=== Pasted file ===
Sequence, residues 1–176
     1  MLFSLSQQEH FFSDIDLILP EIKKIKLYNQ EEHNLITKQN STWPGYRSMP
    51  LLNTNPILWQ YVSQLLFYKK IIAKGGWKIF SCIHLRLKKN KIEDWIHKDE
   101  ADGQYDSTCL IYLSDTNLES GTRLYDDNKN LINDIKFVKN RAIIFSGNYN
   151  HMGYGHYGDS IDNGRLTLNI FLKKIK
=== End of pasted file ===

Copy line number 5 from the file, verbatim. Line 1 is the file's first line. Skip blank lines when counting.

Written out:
   151  HMGYGHYGDS IDNGRLTLNI FLKKIK